Sunday, April 19, 2015

A very surprising Spring Flora from Romaine Brooks 1874-1970

Romaine Brooks, born Beatrice Romaine Goddard (1874-1970) - Femme Avec Des Fleurs or Spring

18C Angelica Kauffman 1741-1807 paints Flora

Angelica Kauffman (French artist, 1741-1807) Flora 

Spring 18C Jean-Marc Nattier 1685-1766 paints rather classic Floras

 Jean-Marc Nattier (1685-1766) -  Portrait of a Woman as Flora

  Jean-Marc Nattier (1685-1766) - Henriette of France as Flora

Jean-Marc Nattier (1685-1766) - Louise Anne de Bourbon Comtesse de Charolais 1731

18C Élisabeth-Louise Vigée-Le Brun 1755-1842 paints post-revolution Floras with garlands & baskets of flowers instead of crowns

 Élisabeth-Louise Vigée-Le Brun French, 1755 - 1842 - Julie Lebrun as Flora - 1799

  Élisabeth-Louise Vigée-Le Brun French, 1755 - 1842 - Portrait of Countess Kagenek as Flora

Élisabeth-Louise Vigée-Le Brun French, 1755 - 1842 – Princess Eudocia Ivanovna Galitzine as Flora 1799

Spring 17C finds Flora in the Garden with a fine flower pot

 Pierre Gobert (1662-1744)  - Retrato de Noiva com Flores

Nicolas de Largillierre 1656-1746 paints his wealthy clients as way-over-the-top Floras...

 Nicolas de Largillierre (French, 1656 - 1746) - Marie Therese Bloneldharau as Flora

Nicolas de Largillierre (French, 1656 - 1746) - Portrait Of Françoise D'Escravayat, Marquise De La Barrière, As Flora

Nicolas de Largillierre (French, 1656 - 1746) - Porträt der Marquise de Gueydan als Flora

Nicolas de Largillierre (French, 1656 - 1746) - Marie Louise Élisabeth d'Orléans as Flora

17C Rembrandt paints family & friends as Floras...

Rembrandt Harmenszoon van Rijn (1606-1669) - Portrait of Hendrickje Stofells as Flora.

 Rembrandt Harmenszoon van Rijn (1606-1669) - Portrait of Saskia as Flora

Rembrandt Harmenszoon van Rijn (1606-1669) - Portrait of Saskia as Flora

17C Grand Duchess of Tuscany in an idealized portrait as the goddess Flora

Justus Sustermans (Flemish painter, 1597-1681) Vittoria della Rovere, Grand Duchess of Tuscany in an idealized portrait as the goddess Flora

Spring 1633 - Flora gets a hat & a rose

Paulus Moreelse (1571-1638) - Portrait of a Young Woman as Flora 1633

A powerful Flora from Spring in the 1630s

1630s Claude Vignon (1593-1670)  - Flora

New England - The Great Snow of 1717

The Great Snow of 1717 was a series of snowstorms between February 27 & March 7, 1717 (Gregorian calendar) that blanketed the British American colonies of New York & New England with 5 or more feet (1.5 or more meters) of snow, & much higher drifts.

March 7, 1717 diary entry of Massachusetts Rev. Cotton Mather: "Never such a Snow, in the Memory of Man! And so much falling this Day, as well as fallen two Dayes ago, that very many, of our Assemblies had no Sacrifices."

During this storm, many New Englanders could only leave their houses from the leeward side windows…on the second floor.  While Boston only received about 40 inches of snow, many places got 8+ feet during the 10 day period. 

The Great Snow of 1717

The damage was catastrophic. As many as 95% of New England's deer population died from starvation & predators.  They got stuck in the snow becoming easy prey for wolves, which were light enough to get through the snow.  The snow was so high, that the tops of many trees were covered, allowing small animals to graze in the upper branches of orchard crops, harming many of the fruit trees.  Flocks of heavier sheep & cattle were smothered or starved to death. A widow & her 3 children, in a small house in Medford, Massachusetts, were dug out by neighbors several days after the storm, after they spied her chimney smoke "issuing from a snowbank."  The post roads were lost beneath the snowpack well into March.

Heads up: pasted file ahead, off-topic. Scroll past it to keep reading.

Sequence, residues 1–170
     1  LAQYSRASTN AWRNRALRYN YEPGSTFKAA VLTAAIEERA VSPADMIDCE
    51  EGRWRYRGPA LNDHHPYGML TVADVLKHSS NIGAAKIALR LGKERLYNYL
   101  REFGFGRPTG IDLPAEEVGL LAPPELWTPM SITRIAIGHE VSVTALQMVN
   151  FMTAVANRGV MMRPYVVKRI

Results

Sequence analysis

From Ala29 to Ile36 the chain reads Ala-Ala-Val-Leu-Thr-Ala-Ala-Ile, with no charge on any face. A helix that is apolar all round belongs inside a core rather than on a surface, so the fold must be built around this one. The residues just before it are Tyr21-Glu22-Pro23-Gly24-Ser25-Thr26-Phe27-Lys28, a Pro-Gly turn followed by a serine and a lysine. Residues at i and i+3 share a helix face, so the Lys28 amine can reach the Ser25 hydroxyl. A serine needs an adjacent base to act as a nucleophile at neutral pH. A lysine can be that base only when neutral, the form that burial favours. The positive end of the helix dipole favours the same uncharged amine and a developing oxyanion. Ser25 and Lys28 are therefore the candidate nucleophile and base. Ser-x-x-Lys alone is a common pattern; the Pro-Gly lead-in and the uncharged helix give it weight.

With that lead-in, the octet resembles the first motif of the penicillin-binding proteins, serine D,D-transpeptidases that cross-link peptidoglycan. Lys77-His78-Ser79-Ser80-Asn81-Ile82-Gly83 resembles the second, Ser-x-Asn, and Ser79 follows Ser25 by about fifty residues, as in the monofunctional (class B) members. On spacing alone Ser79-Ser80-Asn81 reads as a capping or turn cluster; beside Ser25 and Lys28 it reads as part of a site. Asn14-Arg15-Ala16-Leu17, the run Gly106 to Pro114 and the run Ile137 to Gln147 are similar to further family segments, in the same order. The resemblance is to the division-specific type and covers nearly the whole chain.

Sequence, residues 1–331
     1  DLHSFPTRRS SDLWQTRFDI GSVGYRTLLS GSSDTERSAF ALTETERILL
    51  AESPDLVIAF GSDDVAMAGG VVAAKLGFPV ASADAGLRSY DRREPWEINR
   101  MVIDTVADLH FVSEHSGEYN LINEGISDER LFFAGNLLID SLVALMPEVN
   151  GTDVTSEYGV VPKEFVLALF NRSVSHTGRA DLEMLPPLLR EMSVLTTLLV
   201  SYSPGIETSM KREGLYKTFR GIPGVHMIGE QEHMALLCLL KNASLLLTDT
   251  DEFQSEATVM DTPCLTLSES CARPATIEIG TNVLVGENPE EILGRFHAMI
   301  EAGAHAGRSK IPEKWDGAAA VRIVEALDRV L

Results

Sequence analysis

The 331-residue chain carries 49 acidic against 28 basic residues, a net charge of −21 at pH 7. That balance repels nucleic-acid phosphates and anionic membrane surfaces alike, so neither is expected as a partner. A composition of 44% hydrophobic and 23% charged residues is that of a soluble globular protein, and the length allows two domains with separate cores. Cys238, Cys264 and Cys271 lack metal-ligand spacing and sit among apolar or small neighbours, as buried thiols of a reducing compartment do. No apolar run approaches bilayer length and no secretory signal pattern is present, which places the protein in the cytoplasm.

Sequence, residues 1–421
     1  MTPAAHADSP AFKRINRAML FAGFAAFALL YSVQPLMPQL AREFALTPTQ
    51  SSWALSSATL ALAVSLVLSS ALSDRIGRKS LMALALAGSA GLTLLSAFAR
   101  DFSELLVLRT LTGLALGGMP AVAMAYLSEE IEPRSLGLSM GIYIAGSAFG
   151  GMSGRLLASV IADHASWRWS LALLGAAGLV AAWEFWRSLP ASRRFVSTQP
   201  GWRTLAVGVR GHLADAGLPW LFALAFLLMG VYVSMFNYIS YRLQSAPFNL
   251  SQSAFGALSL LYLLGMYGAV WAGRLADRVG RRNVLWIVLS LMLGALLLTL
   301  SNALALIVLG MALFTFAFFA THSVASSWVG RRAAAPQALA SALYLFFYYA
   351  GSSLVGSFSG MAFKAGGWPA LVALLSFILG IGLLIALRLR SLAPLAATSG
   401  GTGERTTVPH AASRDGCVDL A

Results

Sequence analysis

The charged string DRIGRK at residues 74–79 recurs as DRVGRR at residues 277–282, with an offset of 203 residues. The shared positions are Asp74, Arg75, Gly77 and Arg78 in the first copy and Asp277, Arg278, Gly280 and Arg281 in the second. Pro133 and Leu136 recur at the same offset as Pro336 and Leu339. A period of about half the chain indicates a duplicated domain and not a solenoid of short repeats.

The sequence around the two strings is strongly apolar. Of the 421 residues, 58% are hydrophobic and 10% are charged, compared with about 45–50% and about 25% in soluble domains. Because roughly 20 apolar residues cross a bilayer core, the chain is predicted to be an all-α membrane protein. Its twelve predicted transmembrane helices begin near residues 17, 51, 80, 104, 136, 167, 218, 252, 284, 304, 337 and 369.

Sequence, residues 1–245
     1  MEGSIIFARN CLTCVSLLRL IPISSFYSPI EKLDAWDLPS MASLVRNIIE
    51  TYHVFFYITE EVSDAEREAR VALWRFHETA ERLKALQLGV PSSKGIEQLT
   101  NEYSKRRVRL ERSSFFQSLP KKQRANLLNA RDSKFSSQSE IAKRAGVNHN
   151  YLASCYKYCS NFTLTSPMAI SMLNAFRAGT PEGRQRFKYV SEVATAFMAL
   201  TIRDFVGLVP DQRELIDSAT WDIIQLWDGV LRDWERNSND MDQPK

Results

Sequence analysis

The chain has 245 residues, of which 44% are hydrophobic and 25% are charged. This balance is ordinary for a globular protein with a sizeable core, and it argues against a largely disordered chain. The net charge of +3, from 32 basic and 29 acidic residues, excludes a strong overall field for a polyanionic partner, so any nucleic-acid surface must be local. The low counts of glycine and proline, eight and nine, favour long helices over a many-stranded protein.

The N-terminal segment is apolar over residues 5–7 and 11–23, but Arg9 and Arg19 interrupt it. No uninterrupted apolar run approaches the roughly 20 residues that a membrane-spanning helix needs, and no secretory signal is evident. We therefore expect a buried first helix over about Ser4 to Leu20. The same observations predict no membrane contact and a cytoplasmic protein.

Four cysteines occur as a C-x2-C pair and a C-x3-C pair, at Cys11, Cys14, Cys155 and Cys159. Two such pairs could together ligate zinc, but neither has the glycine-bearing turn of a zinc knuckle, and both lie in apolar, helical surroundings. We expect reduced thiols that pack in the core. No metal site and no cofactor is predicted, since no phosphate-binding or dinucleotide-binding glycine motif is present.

17C Spring - Flora is offered even more flowers

Juan van der Hamen y (Gómez de) León (1596-1631) - Offering for Flora, 1627

Jean-Baptiste de Saive II (Flemish artist, 1597-c 1642) An Allegory of Spring at a Market Scene with a Boy offering Strawberries to Girl surrounded by Flowers

Lucas van Valckenborch (1535-1597) Spring, 1595

Early 17C Flora - One of my favorities...

Cornelis van Poelenburgh, (1594-1667) - Portrait of a Young Girl as Flora

17C Woman by Wenceslaus Hollar (1607-1677)

Wenceslaus Hollar (Czech artist, 1607-1677)  'Ornatus Muliebris Anglicanus. The severall 'Habits of Englishwomen, from the Nobilitie to the 'Country Woman, as they are in these times. 1640.'  An English lady with curly hair standing whole length in profile to right, wearing a cap, mask, cloak and muff, a feather fan hanging below her right arm. 

We have few depictions of women in the 17C British American colonies, but the prints by Wenceslaus Hollar (1607-1677) allow us to see the hairstyles & fashions being worn on the other side of the Atlantic during the early years of the English colonization of America. 

The artist Hollar was born in 1607, the son of an upper middle-class civic official. He left his native Prague at age 20. He was almost blind in one eye but became a skilled artist. His 1st book of etchings was published in 1635, in Cologne, when Hollar was 28. The following year his work caught they eye of English art collector the Earl of Arundel who visiting the continent.  Hollar became a part of his household, settling in England early in 1637. He left London for Antwerp in 1642, where he continued to work on a variety of projects for 10 years.  In 1652, he returned to England, working on a number of large projects for the publishers John Ogilby & William Dugdale. Hollar died in London in1677. By his life's end, he had produced nearly 3000 separate etchings.

Morning Madonna

Unknown Master, German (active 1460-1480 in Cologne). Sts Anne, Christopher, Gereon and Peter with the Madonna and Child 1480

In this blog, I try to begin each day with a painting of the Madonna & Child. It centers me; connects me to the past; & encourages me to post some of the religious paintings which were the core of early Western art.